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Google Announces New Search Updates, Including Improved Contextual Matches and Subtopics

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Google has announced a range of new updates for search, which provide varying levels of functionality for brands, and are worth noting within your SEO approach.

The main focus, of course, is on helping people find the information they need, so they’re not specifically aligned with brand queries. But some of them will be search considerations – here’s a look at each new element and what it could mean for marketers.

1. Spelling recommendation improvements

Spelling your query right will help provide you with more accurate search results, and Google says that it’s improved its spelling predictions to help users find better matches.

Google search update

As explained by Google:

“We’ve continued to improve our ability to understand misspelled words, and for good reason – one in 10 queries every day are misspelled. Today, we’re introducing a new spelling algorithm that uses a deep neural net to significantly improve our ability to decipher misspellings. In fact, this single change makes a greater improvement to spelling than all of our improvements over the last five years.”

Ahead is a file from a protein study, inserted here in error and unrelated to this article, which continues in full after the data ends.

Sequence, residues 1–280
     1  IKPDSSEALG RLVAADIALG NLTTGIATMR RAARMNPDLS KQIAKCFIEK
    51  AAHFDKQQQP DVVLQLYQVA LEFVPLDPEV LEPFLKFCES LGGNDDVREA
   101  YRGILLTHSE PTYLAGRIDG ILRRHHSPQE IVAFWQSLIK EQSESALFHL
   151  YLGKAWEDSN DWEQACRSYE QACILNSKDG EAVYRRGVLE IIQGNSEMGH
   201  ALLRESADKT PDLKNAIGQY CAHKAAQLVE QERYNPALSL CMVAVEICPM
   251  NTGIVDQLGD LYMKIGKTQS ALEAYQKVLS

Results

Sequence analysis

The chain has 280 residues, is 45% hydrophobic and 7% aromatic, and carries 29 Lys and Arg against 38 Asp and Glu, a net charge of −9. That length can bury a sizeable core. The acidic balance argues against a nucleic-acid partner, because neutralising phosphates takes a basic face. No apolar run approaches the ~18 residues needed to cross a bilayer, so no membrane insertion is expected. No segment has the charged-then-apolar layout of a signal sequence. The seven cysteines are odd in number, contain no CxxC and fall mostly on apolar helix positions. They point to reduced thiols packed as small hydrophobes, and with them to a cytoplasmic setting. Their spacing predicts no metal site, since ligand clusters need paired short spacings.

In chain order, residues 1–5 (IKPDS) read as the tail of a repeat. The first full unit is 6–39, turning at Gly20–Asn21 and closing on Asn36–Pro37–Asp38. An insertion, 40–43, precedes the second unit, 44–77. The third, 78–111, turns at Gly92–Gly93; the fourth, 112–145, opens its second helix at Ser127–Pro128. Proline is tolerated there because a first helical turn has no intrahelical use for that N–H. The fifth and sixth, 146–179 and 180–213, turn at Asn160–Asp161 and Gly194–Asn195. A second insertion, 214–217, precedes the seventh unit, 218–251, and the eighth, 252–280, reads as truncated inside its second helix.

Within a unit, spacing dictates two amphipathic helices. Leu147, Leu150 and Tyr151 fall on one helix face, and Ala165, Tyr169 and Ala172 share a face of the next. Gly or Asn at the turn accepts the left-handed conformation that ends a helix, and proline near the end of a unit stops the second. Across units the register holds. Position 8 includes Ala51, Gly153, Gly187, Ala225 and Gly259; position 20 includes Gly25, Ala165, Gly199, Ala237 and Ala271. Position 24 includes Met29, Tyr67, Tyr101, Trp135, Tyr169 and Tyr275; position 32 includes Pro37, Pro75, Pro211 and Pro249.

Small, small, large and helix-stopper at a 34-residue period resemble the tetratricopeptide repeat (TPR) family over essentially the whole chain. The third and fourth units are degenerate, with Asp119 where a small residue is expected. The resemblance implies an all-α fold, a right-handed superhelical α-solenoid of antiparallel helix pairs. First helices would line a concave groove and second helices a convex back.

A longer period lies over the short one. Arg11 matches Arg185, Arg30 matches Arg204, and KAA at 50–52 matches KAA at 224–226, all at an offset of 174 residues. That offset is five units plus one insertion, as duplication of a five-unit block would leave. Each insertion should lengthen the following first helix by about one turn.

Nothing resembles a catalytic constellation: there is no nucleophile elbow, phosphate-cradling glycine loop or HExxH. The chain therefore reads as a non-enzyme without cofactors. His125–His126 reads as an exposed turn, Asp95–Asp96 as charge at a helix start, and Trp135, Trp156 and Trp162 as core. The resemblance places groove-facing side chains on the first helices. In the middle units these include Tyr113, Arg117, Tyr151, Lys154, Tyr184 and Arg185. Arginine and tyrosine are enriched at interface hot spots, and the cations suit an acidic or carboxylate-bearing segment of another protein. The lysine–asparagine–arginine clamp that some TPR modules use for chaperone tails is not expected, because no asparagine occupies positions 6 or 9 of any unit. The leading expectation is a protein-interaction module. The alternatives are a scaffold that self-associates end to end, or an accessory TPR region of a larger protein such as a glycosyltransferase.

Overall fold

From an SEO standpoint, this won’t be a significant consideration, given that it will only help users find the right query for their search. But, of course, you should ensure that your web pages are spell-checked.

It won’t be a make or break element, but incorrect spelling could lose you search opportunities.

2. Identifying passages of text

Google’s search algorithm will now also be able to index individual passages of text within web pages, in order to locate more specific information on a site relative to a user query.

Google search update

Google’s been moving in this direction for a while, highlighting specific text matches in featured snippets, and even video segments, within some search queries. Now, this will be made more widely available.